Friday again and end of our second week of work. By investigating the ground on which our temple is founded and looking at deposits which have accumulated over the temple after it fell into disuse, we can now say that it was probably built no earlier than the Ramesside Period and no later than the early Third Intermediate Period, though it would be good, eventually, if we could refine the dating. The outer (back) north corner of the temple had been cut off by the slope of the mound and eroded away, which is how we were able to check the fill, and sherds, beneath its foundation level.

Settlement remains below the foundation level of the north corner.

While we were working yesterday morning a tractor-trailer passed by carrying workers (mostly women) who were on their way to harvest the sugar-beet crop in fields north of the tell. For the rest of the day trailers passed by regularly carrying away the harvested crop and returning empty to be filled up again.

Today being Friday the ladies of the house where we are living have been baking bread at the outdoor oven in the area just below our bedroom window so we had the very tempting aroma of newly-baked bread coming into the flat.

This was closely followed by a delivery of hot loaves straight from the oven – looking rather like an offering from an ancient tomb-scene!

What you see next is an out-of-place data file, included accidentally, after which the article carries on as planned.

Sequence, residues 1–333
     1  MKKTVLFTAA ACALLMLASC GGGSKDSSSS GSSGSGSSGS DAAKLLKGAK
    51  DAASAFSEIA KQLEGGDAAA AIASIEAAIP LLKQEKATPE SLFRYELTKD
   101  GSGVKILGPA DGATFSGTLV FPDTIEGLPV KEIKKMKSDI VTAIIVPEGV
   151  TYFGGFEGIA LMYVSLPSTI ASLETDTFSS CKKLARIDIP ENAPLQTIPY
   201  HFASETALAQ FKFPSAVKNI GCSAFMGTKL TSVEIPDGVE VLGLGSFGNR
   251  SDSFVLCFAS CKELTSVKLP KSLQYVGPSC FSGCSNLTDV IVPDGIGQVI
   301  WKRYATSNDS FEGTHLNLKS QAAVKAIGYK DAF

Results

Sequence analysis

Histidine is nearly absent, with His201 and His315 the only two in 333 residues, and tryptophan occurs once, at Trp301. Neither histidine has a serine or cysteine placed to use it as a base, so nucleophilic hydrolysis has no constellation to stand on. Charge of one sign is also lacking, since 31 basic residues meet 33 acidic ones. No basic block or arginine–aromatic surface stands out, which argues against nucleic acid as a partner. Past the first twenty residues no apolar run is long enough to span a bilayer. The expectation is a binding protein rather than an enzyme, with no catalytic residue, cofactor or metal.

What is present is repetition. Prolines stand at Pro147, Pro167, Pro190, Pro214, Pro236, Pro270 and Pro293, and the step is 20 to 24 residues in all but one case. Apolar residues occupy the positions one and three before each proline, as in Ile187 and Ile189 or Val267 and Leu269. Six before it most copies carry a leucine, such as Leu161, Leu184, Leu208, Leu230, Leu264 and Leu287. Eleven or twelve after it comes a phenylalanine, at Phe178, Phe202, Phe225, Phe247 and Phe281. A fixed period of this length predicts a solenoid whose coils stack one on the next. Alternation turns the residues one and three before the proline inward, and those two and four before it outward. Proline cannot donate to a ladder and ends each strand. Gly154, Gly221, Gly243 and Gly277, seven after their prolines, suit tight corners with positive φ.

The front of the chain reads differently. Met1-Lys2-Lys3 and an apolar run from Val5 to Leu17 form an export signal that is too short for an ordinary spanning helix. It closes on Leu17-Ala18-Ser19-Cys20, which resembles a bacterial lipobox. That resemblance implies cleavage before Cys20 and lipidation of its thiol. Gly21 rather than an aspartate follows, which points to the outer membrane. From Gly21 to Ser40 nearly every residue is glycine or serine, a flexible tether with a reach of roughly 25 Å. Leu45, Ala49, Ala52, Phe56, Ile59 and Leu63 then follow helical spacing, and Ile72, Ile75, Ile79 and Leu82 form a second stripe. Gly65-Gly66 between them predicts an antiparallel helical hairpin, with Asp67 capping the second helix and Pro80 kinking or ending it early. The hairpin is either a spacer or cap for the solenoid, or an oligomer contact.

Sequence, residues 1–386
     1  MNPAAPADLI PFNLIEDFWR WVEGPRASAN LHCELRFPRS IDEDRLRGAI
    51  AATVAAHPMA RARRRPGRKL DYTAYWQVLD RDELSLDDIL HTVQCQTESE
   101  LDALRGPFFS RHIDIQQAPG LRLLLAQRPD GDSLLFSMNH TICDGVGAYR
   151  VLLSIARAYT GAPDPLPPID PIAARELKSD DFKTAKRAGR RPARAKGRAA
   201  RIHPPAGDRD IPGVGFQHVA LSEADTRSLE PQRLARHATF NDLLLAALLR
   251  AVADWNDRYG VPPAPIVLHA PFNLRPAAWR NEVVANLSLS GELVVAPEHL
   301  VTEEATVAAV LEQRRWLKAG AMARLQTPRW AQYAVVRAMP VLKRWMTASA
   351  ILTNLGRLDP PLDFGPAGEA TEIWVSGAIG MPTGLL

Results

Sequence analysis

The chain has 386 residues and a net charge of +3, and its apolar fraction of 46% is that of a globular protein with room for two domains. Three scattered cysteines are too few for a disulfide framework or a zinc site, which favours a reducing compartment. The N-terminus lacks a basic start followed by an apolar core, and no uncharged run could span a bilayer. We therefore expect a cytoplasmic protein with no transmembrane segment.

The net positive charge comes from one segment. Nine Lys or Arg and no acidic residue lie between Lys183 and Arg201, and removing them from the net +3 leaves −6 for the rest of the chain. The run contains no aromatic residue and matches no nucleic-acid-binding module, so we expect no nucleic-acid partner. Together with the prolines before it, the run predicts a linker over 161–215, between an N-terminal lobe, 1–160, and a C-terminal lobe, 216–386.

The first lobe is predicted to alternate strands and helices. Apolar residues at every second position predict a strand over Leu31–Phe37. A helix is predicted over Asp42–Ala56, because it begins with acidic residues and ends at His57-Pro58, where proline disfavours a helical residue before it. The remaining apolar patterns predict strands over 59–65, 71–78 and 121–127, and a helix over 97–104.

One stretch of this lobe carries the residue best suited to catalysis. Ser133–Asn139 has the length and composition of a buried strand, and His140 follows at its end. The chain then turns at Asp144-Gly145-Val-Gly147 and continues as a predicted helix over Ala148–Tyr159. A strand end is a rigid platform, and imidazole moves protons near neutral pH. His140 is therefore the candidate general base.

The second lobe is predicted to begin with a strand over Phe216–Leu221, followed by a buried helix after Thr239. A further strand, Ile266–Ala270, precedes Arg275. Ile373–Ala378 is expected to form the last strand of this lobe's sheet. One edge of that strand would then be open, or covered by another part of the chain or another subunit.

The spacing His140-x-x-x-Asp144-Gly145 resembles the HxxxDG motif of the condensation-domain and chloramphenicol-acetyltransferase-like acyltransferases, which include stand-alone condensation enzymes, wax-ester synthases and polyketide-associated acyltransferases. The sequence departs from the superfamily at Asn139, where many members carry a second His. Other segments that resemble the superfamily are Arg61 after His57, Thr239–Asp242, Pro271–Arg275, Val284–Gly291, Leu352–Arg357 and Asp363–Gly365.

Yesterday afternoon we went for a walk (about 15 mins each way) to the closest shops in the village of el-Mahasna, to stock up on some preserved foods. There were quite a few cats prowling around the streets and investigating rubbish dumps - including his fine tortoise-shell and white cat (gratuitous cat of the season No.2).

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Defining the Buweib temple’s sanctuary

For the past few days we’ve been working on defining the walls of what we are optimistically calling the temple’s ‘sanctuary’ area! Like the main outer wall it is made of mud-brick and is preserved in places several metres above the ancient ground level. It has a doorway on the temple’s axis, but again we have found no indication, so far, of any stonework associated with it. The strong winds we have had for the last two or three days had finally died down by this morning so we were able first thing today to clean the walls properly for planning and photography.

One of the brick jambs of the sanctuary doorway being cleaned.

Our daily timetable on site is to work from 7.00am to 9.00am, then have an hour for breakfast - we have to walk back to the house, cook ours and wash up afterwards – and then work again from 10.00am until 1.30pm, with a short break at around midday when we drink coffee from a thermos and our workmen and the MSA team have tea made on site.

The tea-making equipment on site.

After lunch, we sometimes go back to the tell to do levels and/or planning as this is easier when the site is quiet in the afternoons. Since we arrived the fields to one side of the track have been occupied by two herds of sheep, grazing on left-over vegetation from the last crop, but the fields were being ploughed today for the next crop so the sheep have disappeared for the moment. The horse and cart that passes by the site every day had stopped on the track this morning so I was able to get a close-up of the very attractive foal that accompanies its mother and her cart.

Our electricity is still being very unreliable and (although it is now back on) we had over 24 hours without it, apart from a few short bursts yesterday evening. It’s also become a bit cloudier and chillier so we’ve been having to wrap up a bit more!

Just to show that it isn’t always hot and sunny in Egypt!